Shenandoah, the graceful 108-foot topsail schooner that has long been a landmark in the Vineyard Haven harbor, is laid up at a Fairhaven shipyard, her majestic hull stripped bare and her ribs exposed as she undergoes extensive work to reverse a botched restoration job performed by a shipyard in Maine last year.

Robert Douglas, who is both captain and owner of the Shenandoah, has sued the Boothbay Harbor Shipyard for the apparently shoddy work that left his schooner taking on seawater last summer while she was filled with school children.

Morgan Douglas, the son of Robert Douglas and a part owner of the family business that includes Coastwise Packet Co. and Black Dog Tall Ships, said in an e-mail this week that the Maine shipyard has admitted responsibility in the matter and he is optimistic that the matter can be resolved.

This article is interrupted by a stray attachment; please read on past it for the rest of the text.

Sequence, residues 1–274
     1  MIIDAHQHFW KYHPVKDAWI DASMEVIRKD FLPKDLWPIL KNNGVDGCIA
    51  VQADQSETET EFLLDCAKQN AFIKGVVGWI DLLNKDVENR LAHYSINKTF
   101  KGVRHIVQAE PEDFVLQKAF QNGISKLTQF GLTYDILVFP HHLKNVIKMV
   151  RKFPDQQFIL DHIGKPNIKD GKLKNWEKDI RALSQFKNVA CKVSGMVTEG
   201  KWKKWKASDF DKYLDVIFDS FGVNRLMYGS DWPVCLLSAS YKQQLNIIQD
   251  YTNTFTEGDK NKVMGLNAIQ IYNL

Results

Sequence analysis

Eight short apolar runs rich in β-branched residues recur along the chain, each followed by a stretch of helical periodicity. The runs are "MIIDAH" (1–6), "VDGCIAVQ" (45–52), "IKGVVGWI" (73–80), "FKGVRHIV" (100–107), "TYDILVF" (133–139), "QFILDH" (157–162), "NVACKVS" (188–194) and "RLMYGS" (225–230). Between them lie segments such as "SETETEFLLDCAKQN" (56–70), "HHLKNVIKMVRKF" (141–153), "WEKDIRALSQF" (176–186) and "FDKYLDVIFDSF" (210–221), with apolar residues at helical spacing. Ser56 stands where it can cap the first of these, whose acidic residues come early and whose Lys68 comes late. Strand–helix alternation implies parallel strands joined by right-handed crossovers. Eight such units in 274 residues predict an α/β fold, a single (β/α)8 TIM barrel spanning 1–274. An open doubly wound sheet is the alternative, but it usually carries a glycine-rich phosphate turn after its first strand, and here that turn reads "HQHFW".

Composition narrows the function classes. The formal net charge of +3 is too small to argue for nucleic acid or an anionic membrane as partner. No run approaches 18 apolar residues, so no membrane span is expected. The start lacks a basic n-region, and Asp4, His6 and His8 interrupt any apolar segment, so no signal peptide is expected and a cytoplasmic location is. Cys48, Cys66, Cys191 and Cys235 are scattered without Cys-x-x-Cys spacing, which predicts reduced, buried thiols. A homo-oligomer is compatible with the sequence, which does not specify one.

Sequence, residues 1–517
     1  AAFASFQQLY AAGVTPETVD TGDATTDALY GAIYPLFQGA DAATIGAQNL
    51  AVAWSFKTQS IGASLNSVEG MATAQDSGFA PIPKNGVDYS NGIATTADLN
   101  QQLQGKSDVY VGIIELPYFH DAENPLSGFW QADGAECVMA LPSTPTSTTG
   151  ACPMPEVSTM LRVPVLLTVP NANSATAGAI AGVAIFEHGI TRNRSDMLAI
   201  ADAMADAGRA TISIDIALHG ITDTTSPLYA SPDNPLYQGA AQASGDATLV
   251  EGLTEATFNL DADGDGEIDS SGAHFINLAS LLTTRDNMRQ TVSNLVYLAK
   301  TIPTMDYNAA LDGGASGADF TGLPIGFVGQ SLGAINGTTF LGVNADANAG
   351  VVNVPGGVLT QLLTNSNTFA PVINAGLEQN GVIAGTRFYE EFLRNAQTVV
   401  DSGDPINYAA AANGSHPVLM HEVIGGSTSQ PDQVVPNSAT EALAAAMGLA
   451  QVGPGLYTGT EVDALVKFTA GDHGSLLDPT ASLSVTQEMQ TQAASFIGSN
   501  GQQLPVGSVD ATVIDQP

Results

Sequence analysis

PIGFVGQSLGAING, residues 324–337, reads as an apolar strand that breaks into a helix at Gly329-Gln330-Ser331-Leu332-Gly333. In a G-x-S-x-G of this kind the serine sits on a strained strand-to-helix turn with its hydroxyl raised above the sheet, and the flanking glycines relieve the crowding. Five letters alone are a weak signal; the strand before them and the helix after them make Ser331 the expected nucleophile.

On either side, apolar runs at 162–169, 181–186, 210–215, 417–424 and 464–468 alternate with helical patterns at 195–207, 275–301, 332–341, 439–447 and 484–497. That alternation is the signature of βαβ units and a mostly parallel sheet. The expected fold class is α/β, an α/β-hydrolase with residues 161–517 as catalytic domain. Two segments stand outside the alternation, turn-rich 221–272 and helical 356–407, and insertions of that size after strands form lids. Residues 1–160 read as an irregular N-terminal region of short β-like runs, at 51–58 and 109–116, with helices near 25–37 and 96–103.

But Captain Douglas said that hasn’t made things any easier.

“It is really enough to make you sit and cry. I still haven’t recovered,” he said this week.

On Tuesday, Shenandoah was high and dry in the Fairhaven Shipyard, a dark silhouette against the bright urban skyline of Fairhaven and New Bedford. Her masts towered over dozens of steel-hulled commercial fishing boats and the Steamship Authority ferry Governor, berthed a few docks away. The air was fragrant from the smell of freshly cut wood. A crew headed by Antonio (Tony) Macedo was busy installing new white oak planking in 20-foot lengths on Shenandoah’s hull. The planks were pulled from a steam box, hot and pliable.